5 Ways Ecommerce Businesses Can Make Customers Feel Special
Many eCommerce business owners look for methods to demonstrate their thanks for their clients during this extraordinary moment. What can entrepreneurs add to orders to make customers feel unique and brighten their day?
Simple, meaningful gestures are frequently the answer. Here are some of our favourite customer and brand loyalty initiatives being pursued by eCommerce businesses..
1. Writing handwritten notes.
An organic skincare business. Em & El Organics includes a handmade thank-you message specially addressed to each customer with every order. Trower-Young says, "As an eCommerce business owner, I genuinely cherish our consumers and how we communicate with them—whether it's answering emails, commenting on our social media channels, or speaking with them on the phone.
2. Illustrating packaging and note cards with cartoons.
When you get a gift in the mail with amusing, hand-drawn graphics or artwork on it, it's impossible not to smile. Some consumers may keep decorated packaging and handwritten messages in their packages. With these annotations, he now includes cartoons.
Williamson explains, "We sketch a small cartoon on a notecard." "Every time a consumer sees it, we hope the cartoon will make them smile." Rather than throwing it out. CBDiablo UK's owner, Sam Williamson, has always included. For Williamson's eCommerce firm, cartoons have become a bonus with purchase. Customers can request a specific cartoon for their notecards by filling out a form on their company's website. It does not only help to create a smile on consumers' cheeks, but it also keeps the CBDiablo team's creative ideas running. "So far, we've got some fascinating requests that have pushed our artistic abilities!" According to Williamson.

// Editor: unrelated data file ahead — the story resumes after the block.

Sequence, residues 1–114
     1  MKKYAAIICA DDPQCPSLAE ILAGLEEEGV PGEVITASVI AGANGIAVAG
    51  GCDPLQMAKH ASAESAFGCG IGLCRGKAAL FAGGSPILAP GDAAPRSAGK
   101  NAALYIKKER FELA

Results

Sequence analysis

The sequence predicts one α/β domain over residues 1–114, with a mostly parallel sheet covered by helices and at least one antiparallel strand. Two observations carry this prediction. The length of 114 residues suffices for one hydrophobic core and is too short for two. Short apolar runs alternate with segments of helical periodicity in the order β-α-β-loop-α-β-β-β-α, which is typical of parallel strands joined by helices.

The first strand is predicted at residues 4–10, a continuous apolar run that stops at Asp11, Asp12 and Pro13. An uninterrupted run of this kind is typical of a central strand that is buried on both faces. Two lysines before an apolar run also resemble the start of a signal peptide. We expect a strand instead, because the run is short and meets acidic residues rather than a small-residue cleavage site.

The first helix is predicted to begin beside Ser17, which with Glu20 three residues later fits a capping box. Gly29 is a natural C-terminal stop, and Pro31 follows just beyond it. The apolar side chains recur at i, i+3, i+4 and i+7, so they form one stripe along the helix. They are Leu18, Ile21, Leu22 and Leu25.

3. Creating customer-based gallery pages on websites.
Many retailers, particularly those in the fashion industry, encourage customers to photograph their purchases and share them on social media using branded hashtags. It allows the customer's network of admirers to see how the clothing looks and fits and provides an opportunity for the firm to communicate with happy consumers through social media marketing.
Robert Remake, Co-Owner of Art of the Gentleman, has gone a step further with social media sharing. His clothing company has created a gallery page that features client outfits. Customers are invited to take images of their new purchases, follow the brand on Instagram, and message the photographs to be included in the customer gallery.
4. Mailing out free samples.
Laurel Crest’s VP of Marketing and Sales, Danielle Bernstein, is a wholesale CBD provider. Before COVID-19, the corporation sent client orders with samples of new products. They continue to do so because free samples are more important than ever for internet firms. According to Bernstein, "these samples let customers learn more about your product line, motivate future orders, and stimulate repeat shopping." Free samples, according to Bernstein, might be cost-effective depending on the sort of business. Because Laurel Crest makes all of its products, delivering pieces is a simple way to thank consumers and express gratitude.
5. Donating to non-profits.
Jessica Rose is the CEO of Copper H2O, a health and wellness e-commerce social venture run entirely by women. Rose has a more subtle way of expressing gratitude to clients. Copper H2O has developed a strategy to demonstrate to customers how supporting their business directly influences the community after watching how communities all over the world came together during COVID-19.
Copper H2O has had an excellent karma program for a long time. This program allows them to donate 15% of their sales to charitable organizations that provide safe drinking water to people in developing countries. These proceeds have been contributed to the charity that supports corona from the beginning of COVID-19. Relief efforts, including the donation of N95 masks to hospitals.
According to Rose, this is correct — and it gives clients a wonderful feeling. "Our buyers have a certain feeling of knowing that buying them would support a dignified cause." "This demonstrates to our clients that our community is much more important than the end."